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(1962). Meetings of the Psychoanalytic Association of New York. Psychoanal Q., 31:305-306.

(1962). Psychoanalytic Quarterly, 31:305-306

Meetings of the Psychoanalytic Association of New York

November 20, 1961. MUSCLE ACTION AS NONVERBAL AND PREVERBAL COMMUNICATIONS. Edwin Corbin, M.D.

Dr. Corbin discussed the role of muscle action as a regressive form of communication substituting for verbalization, in a twenty-three-year-old patient's relations to her child and to her analyst. The patient suffered from trembling hands, muscle spasms in her chest and legs, and pharyngeal spasms. She frequently assumed a masculine posture in intercourse, accompanied by fantasies of destroying her husband's penis by contractions of her vaginal musculature.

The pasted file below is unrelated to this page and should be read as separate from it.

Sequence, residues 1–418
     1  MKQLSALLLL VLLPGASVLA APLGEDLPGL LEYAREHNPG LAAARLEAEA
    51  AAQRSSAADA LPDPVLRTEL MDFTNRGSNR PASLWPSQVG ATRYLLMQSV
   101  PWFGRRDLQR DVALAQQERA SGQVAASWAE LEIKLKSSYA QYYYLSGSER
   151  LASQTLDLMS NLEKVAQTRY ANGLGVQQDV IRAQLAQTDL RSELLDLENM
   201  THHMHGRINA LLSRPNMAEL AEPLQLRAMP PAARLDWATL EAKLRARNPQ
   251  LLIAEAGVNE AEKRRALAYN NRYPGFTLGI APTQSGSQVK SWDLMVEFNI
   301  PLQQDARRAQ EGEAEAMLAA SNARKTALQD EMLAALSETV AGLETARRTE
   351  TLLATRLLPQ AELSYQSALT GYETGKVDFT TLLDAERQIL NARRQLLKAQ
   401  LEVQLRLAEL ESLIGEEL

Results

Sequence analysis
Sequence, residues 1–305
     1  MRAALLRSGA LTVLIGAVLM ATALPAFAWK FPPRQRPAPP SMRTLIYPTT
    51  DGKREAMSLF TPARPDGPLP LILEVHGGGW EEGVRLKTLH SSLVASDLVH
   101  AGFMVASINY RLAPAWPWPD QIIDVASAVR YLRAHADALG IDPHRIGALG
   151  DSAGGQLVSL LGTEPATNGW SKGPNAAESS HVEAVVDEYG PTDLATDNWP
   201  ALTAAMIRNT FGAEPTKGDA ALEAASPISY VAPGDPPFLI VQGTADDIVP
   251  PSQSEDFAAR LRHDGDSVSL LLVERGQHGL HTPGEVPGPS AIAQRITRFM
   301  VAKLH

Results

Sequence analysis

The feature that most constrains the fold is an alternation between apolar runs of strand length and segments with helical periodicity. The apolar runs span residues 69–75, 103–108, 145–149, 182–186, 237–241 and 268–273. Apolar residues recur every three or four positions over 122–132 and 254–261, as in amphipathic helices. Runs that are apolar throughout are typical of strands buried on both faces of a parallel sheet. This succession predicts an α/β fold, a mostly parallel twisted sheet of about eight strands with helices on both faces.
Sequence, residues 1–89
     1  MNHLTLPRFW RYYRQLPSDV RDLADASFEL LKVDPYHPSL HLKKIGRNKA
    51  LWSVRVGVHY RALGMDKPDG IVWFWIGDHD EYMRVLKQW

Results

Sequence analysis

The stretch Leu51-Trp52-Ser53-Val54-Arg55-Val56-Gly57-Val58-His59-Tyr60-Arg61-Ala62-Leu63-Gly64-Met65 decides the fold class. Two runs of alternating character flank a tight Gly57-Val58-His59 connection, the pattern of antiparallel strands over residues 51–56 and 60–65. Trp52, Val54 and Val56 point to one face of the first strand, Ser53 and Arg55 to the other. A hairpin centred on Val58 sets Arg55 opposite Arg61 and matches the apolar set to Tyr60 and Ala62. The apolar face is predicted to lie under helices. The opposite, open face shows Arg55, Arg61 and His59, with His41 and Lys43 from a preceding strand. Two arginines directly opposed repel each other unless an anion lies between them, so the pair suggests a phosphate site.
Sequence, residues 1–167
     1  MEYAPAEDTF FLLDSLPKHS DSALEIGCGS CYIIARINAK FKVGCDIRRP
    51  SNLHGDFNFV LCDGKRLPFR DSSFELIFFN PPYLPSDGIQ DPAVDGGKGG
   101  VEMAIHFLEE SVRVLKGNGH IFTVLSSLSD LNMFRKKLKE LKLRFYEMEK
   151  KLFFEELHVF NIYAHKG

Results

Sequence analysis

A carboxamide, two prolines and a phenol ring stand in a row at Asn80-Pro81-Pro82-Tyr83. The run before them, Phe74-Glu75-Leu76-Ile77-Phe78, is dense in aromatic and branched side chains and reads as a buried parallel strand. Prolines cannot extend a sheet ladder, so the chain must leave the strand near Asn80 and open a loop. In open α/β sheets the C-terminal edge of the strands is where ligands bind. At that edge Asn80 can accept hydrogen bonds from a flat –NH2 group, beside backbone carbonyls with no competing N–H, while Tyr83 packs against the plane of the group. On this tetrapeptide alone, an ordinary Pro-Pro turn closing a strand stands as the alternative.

Most of the material presented came from a study of the effects of the patient's muscular behavior on her children, as reported in her analysis. She felt that her tense, tight holding of her infant made him cry after a few minutes at the breast. This symptom in the child was cured when analysis revealed that she was erotically stimulated during the nursing, and had unconscious fantasies in which her breasts were equated with penetrating penises. Further difficulties occurred during bowel training of the child. Her identification with him in his anal-erotic pleasure in stool retention was communicated to the child by way of her teasing presence near the toilet and her overzealous wiping of the boy's anus. After her intense anal-erotic fixations were analyzed the child's training was easily accomplished. Anal-erotic stimulations between the patient and her father were communicated to her child by action rather than verbalization.

The patient used words poorly, talked softly, and was often silent. In analysis, talking inaudibly and ramblingly was a defense against free association. Many oralsadistic fantasies appeared in the transference.

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